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Join Date: May 1999
Location: Alta Loma, CA
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Question Oil pressure sensor & gauge

I would like to add a VDO oil pressure gauge to my center console.
Can anyone provide part numbers for appropriate gauge and sensor for a '73 2.0?

TIA
Matt
Old 08-20-2002, 08:55 PM
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Don't remember the part numbers, but when I fitted this gauge I used a 911 pressure sender (same M10x1.0 thread and is made by VDO)
Trouble is the sender fouls the distributor body so you'll have to find an appropriate oil hose.
VDO make a "T" piece so you can still run the oil pressure switch to operate the light on your dash.
The gauge I used is from a Golf GTI (VDO -measured in BAR) alternative cars would be the 944/924
Cheers

Last edited by thesey914; 08-20-2002 at 11:01 PM..
Old 08-20-2002, 10:56 PM
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I thought I had heard about a pressure sensor / switch that had two terminals; one for the analog signal (sensor), and one for the idiot light (switch).

Also, I thought the stock switch has a 1/8" NPT thread. Can anyone confirm which is correct?

- Matt
Old 08-21-2002, 04:56 AM
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I think if you look right in the Pelican catalog you'll see the dual sender (light/gauge). I have been told it is a 1/8" NPT also, and it's just what it looked like when I changed my sender a few months ago. A straight thread like an M10 x 1.0 would require a shoulder and a washer/gasket/etc. to seal properly, whereas the tapered pipe thread finally gets tight as it goes down into the hole and seals things up.
Old 08-21-2002, 05:37 AM
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Yup to all of the above.

The sender is too large, so get the "adaptor kit" (a bracket, some hose, and an adaptor) or DIY with some grease-gun hose. Make sure to ground the case of the sender...

--DD
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Old 08-21-2002, 07:31 AM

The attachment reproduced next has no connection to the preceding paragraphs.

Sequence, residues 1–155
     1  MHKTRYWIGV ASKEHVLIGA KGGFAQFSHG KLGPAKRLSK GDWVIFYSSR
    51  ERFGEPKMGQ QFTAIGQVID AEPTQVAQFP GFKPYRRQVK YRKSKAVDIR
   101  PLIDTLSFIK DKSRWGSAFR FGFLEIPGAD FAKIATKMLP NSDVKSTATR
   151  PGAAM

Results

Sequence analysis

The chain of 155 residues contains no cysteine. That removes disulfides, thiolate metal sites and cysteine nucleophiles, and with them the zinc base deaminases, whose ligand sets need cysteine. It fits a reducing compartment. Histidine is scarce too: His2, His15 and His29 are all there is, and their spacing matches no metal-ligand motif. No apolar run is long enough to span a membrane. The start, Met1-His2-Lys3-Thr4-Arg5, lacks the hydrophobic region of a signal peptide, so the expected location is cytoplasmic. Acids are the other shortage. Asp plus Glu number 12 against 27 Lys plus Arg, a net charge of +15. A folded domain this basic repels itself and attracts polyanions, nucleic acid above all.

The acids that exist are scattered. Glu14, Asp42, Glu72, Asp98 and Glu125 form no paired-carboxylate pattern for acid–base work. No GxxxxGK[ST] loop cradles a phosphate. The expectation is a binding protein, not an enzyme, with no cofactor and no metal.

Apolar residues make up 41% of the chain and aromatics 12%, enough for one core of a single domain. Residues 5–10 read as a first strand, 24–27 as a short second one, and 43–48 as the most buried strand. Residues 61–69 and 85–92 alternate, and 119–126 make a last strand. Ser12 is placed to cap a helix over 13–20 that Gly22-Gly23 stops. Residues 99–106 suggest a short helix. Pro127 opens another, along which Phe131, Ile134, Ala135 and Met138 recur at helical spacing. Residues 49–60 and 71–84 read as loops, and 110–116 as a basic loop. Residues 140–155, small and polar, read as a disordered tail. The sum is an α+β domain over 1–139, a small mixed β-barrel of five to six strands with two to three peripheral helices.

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OK...
Finally found the gauge and sensors in the PP catalog.
Last question: 80 or 150 psi for a stock 2.0L?

- Matt
Old 08-21-2002, 02:37 PM
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80 PSI. A stock Type IV engine shouldn't get that high when the oil is warmed up. Cold oil can, but the 80 PSI gauge is fine for normal running.

--DD
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Old 08-21-2002, 05:22 PM
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Quote:
Originally posted by Will98D
I have been told it is a 1/8" NPT also, and it's just what it looked like when I changed my sender a few months ago. A straight thread like an M10 x 1.0 would require a shoulder and a washer/gasket/etc. to seal properly
The thread is M10x1.0. ( I'm 99% sure -the VDO "T" piece was labelled M10x1.0 on its packaging too) -NPT is American national pipe thread and is imperially measured. The 914 is built in Germany and therefore uses metric threads.
You are right about the straight thread needing a washer to seal it -the sender on the 911 has a crush washer/shoulder.
Cheers
Old 08-21-2002, 10:38 PM
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Now for the funny part--
There is no standard for metric tapered (pipe) thread. So they use US standards instead.

The fitting in the 914 case was originally a metric size (M6??), tapered thread. But that is very close to a US size (if M6 is correct, that's 1/4") that the US size works just fine. More than fine enough, in fact--and most or all of the aftermarket VDO senders you can get are actually the US size!

--DD
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Old 08-22-2002, 07:05 AM
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Dave, well I learn something new everyday......I looked on all my engineering thread charts and no tapered metric threads were listed.
Now I remember, when I screwed the sending units into the VDO "T" piece, they were tapered (they tightened on insertion) but the male end, that screws into the case I'm (98% sure) was a straight thread.....

Not trying to conduct a p*ssing contest, , and if it fits then problem solved
Old 08-22-2002, 09:37 AM
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